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The Collaborative International Dictionary

Spatha \Spa"tha\, n.; pl. Spath[ae]. [L.] (Bot.) A spathe.


n. A type of straight sword originating from the 1st-century Roman Empire. It was worn typically by calvary officers and is a long version of the left shaped gladius.


The spatha was a type of straight and long sword, measuring between , in use in the territory of the Roman Empire during c. the 1st to 6th centuries AD. Later swords from the 7th to 10th centuries, like the Viking swords, are recognizable derivatives, and sometimes subsumed under the term spatha.

The Roman spatha was used in war and in gladiatorial fights. The spatha of literature appears in the Roman Empire in the first century AD as a weapon used by presumably Germanic auxiliaries and gradually became a standard heavy infantry weapon, relegating the gladius to use as a light infantry weapon. The spatha apparently replaced the gladius in the front ranks, giving the infantry more reach when thrusting. While the infantry version had a long point, versions carried by the cavalry had a rounded tip that prevented accidental stabbing of the cavalryman's foot.

Archaeologically many instances of the spatha have been found in Britain and Germany. It was used extensively by Germanic warriors. It is unclear whether it came from the Pompeii gladius or the longer Celtic swords, or whether it served as a model for the various arming swords and Viking swords of Europe. The spatha remained popular throughout the Migration Period. It evolved into the knightly sword of the High Middle Ages by the 12th century.

Usage examples of "spatha".

Chatti warrior advanced on him, grinning savagely, eager to use the deadly spatha in his hand.

Old, ingrained habit made him check the spatha in its scabbard, to see that it was loose and would come out easily.

His grip on the spatha was tight, much tighter than he would have held it in an actual fight.

At the lower door Hugi set aside his sack and his Roman spatha slipped from its oiled sheath without a sound.

Still, in his light half-armor and with a spatha scabbarded to his waist, he seemed no less deadly.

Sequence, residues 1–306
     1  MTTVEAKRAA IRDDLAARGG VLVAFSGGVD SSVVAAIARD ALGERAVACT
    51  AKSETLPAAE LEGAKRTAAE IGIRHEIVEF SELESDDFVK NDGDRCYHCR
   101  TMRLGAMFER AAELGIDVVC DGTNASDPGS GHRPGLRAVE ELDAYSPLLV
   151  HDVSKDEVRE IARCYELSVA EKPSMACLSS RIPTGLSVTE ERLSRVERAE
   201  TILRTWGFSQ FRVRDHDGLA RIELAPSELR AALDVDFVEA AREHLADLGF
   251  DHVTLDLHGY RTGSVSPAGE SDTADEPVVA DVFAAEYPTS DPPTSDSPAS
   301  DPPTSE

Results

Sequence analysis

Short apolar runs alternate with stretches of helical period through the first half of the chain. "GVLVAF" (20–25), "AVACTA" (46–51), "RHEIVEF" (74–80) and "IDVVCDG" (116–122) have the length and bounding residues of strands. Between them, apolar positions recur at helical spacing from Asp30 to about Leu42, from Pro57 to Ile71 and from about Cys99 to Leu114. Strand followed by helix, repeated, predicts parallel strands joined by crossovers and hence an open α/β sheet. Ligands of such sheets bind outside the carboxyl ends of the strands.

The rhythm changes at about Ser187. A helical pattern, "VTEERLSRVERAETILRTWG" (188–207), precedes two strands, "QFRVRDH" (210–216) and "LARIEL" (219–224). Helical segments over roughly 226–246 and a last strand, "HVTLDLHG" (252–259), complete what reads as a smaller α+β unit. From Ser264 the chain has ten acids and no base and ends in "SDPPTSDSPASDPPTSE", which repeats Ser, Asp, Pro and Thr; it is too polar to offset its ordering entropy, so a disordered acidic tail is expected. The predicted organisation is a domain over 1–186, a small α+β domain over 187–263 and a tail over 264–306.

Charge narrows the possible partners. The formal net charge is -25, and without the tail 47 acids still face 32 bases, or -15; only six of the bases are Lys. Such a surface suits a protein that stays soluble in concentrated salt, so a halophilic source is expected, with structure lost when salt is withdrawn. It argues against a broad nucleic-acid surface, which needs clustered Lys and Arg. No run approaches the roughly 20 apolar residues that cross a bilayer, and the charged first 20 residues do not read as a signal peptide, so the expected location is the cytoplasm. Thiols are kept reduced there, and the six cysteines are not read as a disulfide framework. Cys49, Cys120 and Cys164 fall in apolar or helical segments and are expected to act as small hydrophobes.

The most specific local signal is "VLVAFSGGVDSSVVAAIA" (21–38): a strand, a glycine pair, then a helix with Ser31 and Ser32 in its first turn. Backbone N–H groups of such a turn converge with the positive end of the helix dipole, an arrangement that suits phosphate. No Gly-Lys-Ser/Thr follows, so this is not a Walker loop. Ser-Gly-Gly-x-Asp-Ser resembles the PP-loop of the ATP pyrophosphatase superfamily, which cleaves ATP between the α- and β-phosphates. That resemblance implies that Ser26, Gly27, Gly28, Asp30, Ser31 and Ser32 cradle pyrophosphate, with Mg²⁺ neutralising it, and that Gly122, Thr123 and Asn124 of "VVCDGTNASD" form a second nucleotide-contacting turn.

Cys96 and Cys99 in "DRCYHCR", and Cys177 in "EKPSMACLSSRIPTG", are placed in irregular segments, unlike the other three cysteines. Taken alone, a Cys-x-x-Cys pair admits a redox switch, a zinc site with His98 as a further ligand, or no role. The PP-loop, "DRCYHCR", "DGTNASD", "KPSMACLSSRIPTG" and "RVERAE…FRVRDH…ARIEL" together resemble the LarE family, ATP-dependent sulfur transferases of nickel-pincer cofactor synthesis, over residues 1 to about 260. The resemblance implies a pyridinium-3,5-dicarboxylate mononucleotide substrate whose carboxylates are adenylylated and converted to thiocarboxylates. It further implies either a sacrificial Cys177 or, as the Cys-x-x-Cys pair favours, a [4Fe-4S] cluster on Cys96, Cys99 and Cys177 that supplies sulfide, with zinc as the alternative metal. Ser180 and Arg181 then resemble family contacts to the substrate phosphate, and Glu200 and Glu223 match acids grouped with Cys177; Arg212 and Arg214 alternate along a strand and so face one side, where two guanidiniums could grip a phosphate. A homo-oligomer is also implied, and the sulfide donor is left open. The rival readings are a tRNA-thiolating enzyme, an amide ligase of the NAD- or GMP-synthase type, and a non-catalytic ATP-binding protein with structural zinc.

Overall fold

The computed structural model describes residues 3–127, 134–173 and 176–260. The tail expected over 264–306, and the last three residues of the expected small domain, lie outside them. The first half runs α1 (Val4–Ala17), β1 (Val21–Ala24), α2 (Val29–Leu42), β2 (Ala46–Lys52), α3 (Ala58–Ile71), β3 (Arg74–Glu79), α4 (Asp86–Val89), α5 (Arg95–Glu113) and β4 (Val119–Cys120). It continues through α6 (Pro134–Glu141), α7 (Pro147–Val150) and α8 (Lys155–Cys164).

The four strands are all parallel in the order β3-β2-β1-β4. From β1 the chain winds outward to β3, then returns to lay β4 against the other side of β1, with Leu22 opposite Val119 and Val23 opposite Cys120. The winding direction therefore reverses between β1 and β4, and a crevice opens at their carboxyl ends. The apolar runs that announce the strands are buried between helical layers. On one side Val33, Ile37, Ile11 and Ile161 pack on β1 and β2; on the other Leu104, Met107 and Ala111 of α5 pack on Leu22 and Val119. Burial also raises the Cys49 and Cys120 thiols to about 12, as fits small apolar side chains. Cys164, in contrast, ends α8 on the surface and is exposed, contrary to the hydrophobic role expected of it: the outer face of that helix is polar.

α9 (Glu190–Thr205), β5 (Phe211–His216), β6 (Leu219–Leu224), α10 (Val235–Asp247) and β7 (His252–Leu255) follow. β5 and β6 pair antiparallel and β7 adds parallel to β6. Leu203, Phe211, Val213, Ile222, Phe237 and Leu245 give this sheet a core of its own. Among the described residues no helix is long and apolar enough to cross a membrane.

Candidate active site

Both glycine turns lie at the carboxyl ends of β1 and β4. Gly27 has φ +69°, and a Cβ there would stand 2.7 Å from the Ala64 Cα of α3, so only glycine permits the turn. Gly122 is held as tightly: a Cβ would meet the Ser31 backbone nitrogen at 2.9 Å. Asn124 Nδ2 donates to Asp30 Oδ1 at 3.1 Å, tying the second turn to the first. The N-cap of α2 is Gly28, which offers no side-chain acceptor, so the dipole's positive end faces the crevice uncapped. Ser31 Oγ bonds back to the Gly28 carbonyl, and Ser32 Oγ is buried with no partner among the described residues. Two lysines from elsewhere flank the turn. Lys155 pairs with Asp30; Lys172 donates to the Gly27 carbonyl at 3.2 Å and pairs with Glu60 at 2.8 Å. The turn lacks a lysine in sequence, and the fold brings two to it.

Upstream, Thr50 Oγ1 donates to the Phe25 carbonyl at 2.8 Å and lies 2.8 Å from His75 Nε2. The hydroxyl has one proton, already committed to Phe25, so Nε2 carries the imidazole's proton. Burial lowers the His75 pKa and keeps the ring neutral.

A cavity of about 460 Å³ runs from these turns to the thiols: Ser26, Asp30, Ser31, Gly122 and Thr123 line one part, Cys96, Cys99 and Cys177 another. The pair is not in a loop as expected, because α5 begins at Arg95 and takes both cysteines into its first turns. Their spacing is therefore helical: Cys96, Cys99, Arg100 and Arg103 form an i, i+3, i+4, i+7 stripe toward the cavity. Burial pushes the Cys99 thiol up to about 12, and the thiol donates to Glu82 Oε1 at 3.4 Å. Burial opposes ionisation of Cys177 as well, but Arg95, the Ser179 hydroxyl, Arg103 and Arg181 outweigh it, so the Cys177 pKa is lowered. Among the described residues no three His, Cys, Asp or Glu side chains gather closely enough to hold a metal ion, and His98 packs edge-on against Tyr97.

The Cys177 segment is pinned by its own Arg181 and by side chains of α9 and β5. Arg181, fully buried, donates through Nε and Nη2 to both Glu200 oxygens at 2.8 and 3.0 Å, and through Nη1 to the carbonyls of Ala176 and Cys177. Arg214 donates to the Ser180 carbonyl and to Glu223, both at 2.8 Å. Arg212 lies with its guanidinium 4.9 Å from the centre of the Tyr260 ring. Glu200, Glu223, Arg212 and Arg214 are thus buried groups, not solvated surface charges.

But the Mongoose was already out of the wagon and plunging into the open door of the gatehouse, spatha in hand.

With their hasta spear, three light throwing javelins, and long spatha sword, the cavalry could alternately break the barbarian line, harass it, or cut and chop in a general melee.

Galba drew his sword, the spatha rasping as it came out of its scabbard, and put its point under her chin.

Another had his unprotected skull cleaved by a spatha, the bearded face exploding in a spray of blood.

The young Roman had crept behind them, his spatha unsheathed, his cloak bunched around his left arm as makeshift shield.

His chain of blood-won rings jangled at his waist, his gloved fist seized the reins, and his other hand pulled out his wicked spatha, its hilt carved, rumor held, from the bone of an enemy.

Celtic infantry met, the screams of skewered men and disemboweled horses, and then a melee of combat, the senior tribune slashing with his spatha as he kicked his horse toward Arden.

He marched with a tramp as steady as a galley drum to the sleeping chamber where she was confined, the blood rings of his waist chain jangling of victory, his sheathed spatha rocking in rhythm.

The Thracian walked in with unsheathed spatha and without fear, his forearms roped with muscle, his eyes dark and wary, his torso erect, his manner deliberate.

The horse gave the Roman army the mobility to meet fast-moving barbarian raiding parties, and the height of a horse meant that the short stabbing gladius sword was gradually eclipsed by longer slashing swords, eventually evolving from the cavalry spatha of Galba to Excalibur-type weapons.